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What if My Hive Becomes Queenless in Late Fall or Winter?
First, verify they are actually queenless. Depending on what part of the country you are from, queens either completely stop laying in the fall or at least dramatically reduce laying. If you are in an area that typically remains above freezing during the winter and has more days than not in the 60s and 70s, your queen may lay year around, though at a much reduced rate during the late fall and early winter. In those warm areas, zero eggs or larva is a good sign that your hive is in fact queenless.
For the rest of the country, queens normally fully shut down. That being the case, if your hive has a healthy population and the queen was laying until the weather cooled, she just shut down for the winter. If you have more than one hive, and the other hives are rearing lots of brood, but one hive is not, it is most likely queenless. When it comes to starting & stopping brood rearing, most strong hives follow roughly the same patterns.
Now, after reading the above information, you are convinced that your hive is queenless, you have a few options:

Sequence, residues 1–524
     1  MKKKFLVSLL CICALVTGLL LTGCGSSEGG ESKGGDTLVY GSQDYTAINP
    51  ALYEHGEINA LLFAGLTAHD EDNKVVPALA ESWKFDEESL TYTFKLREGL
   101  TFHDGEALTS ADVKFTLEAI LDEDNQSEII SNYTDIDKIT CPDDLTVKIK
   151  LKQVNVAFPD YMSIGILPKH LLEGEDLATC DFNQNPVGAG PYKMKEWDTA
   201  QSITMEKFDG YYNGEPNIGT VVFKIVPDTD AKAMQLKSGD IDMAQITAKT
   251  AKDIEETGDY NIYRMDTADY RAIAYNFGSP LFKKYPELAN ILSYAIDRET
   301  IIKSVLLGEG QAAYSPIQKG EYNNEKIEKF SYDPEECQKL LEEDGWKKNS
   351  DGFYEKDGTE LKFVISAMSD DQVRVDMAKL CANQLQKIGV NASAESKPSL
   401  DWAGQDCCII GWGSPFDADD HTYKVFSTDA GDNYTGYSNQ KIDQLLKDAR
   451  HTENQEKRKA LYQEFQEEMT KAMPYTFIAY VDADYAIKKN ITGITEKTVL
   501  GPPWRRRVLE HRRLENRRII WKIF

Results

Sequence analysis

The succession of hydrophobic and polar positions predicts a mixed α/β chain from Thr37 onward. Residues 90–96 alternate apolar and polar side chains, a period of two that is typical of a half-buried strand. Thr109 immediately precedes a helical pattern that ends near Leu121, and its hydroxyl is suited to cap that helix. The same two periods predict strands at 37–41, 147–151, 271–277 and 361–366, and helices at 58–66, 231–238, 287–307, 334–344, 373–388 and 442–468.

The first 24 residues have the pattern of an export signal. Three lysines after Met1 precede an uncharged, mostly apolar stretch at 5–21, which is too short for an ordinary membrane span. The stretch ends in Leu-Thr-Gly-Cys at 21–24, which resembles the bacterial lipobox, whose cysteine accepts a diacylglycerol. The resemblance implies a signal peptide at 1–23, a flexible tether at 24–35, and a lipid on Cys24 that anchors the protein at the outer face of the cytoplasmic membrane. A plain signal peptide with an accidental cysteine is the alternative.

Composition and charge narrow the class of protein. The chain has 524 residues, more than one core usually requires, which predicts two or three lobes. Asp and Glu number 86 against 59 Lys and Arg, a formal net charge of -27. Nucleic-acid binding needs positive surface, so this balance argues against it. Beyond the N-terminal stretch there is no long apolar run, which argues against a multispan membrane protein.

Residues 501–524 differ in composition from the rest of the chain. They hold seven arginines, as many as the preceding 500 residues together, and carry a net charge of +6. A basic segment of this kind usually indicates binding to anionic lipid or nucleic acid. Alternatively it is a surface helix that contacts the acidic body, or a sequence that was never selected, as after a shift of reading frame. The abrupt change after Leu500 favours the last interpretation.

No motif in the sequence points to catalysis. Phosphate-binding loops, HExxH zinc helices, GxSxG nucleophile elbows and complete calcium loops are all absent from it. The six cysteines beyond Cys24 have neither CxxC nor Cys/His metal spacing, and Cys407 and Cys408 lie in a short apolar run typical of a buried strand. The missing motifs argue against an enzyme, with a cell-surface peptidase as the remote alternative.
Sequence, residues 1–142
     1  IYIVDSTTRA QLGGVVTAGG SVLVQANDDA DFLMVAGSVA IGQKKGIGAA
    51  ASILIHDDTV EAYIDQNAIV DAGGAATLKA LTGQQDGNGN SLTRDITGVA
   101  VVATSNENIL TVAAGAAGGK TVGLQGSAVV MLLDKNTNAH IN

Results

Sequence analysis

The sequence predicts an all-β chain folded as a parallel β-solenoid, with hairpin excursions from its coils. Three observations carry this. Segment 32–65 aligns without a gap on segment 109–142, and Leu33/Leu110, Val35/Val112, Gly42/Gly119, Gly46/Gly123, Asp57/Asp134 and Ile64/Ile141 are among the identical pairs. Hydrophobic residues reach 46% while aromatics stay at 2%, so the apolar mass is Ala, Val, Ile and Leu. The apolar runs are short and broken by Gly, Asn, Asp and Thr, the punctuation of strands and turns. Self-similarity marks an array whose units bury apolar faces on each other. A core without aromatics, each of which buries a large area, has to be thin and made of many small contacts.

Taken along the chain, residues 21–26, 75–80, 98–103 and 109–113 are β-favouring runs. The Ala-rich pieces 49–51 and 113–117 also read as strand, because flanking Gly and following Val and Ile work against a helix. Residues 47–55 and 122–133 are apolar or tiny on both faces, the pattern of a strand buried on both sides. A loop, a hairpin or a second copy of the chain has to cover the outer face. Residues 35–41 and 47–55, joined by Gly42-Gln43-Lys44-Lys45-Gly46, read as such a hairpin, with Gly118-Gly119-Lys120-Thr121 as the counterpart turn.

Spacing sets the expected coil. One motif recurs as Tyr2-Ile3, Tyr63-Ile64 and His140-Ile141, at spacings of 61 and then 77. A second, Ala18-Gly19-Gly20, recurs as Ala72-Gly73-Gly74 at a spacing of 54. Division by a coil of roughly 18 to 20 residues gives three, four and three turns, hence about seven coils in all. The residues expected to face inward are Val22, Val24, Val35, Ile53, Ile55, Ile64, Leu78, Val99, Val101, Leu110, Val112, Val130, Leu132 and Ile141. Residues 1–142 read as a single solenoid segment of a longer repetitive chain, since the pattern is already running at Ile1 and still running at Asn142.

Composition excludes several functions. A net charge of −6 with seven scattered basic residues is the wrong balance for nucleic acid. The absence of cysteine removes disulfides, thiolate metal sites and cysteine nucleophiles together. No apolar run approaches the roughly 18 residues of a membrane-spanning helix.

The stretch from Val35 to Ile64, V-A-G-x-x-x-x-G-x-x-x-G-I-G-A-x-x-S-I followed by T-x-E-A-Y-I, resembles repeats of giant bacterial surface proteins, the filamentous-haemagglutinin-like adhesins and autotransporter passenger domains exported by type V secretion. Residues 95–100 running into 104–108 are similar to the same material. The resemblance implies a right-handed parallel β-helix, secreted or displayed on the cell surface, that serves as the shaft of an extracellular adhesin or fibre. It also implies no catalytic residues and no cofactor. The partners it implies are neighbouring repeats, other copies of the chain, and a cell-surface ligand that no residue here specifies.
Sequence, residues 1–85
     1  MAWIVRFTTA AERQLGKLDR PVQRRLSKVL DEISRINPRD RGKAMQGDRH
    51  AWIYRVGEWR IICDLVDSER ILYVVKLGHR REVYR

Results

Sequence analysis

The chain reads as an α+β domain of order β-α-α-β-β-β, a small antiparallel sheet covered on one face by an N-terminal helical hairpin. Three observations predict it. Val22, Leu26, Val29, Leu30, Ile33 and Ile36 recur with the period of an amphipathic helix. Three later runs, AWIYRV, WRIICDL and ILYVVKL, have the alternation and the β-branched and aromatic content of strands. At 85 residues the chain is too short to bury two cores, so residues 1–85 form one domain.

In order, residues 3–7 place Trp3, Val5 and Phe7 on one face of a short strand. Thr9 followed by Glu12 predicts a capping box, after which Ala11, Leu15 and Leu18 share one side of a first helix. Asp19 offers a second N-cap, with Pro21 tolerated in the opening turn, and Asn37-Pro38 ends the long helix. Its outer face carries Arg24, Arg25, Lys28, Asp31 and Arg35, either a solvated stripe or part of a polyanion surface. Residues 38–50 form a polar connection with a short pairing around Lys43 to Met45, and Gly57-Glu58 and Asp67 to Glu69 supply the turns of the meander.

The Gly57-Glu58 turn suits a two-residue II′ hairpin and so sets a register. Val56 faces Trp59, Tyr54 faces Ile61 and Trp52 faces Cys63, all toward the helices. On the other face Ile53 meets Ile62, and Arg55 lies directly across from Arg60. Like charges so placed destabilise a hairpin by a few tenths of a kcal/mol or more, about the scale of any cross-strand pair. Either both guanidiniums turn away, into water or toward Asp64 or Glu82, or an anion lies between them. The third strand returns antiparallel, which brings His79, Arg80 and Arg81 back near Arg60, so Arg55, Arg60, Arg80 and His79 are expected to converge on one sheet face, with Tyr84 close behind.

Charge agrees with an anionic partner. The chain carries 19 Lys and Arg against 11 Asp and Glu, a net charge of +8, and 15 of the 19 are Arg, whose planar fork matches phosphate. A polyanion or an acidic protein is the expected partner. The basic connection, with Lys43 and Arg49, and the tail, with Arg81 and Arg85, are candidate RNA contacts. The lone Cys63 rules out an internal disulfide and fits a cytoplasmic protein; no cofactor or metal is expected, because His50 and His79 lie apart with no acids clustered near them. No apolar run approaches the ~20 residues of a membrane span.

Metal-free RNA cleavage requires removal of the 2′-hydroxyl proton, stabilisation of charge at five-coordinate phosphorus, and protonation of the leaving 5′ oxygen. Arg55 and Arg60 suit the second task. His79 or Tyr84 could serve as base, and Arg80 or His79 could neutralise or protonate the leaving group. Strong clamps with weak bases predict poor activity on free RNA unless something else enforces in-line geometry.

- If the hive has less than 4-5 deep frames covered with bees, join it with another hive. Even if you introduced a queen, there is a good chance they wouldn’t survive the winter anyway.
- If the hive is a deep box, or 7-8 deep frames covered with bees or better, you can try to save it. That late in the year they can’t raise their own queen since there are virtually no drones left to mate with. So, you can do one of two things. 1- Look for queen breeders in CA, FL, or HI who may still have queens for sale, even late in the fall. If that doesn’t work, just leave the hive be. 2- If you have other hives, once they have a few frames of brood in the early spring, give the queenless hive a frame or two of brood and a new queen as early as you can find a new queen for sale. For southern states, you can often give them brood in late February or early March and they may be able to raise their own queen & have sufficient drones available before you can find a mated queen to purchase.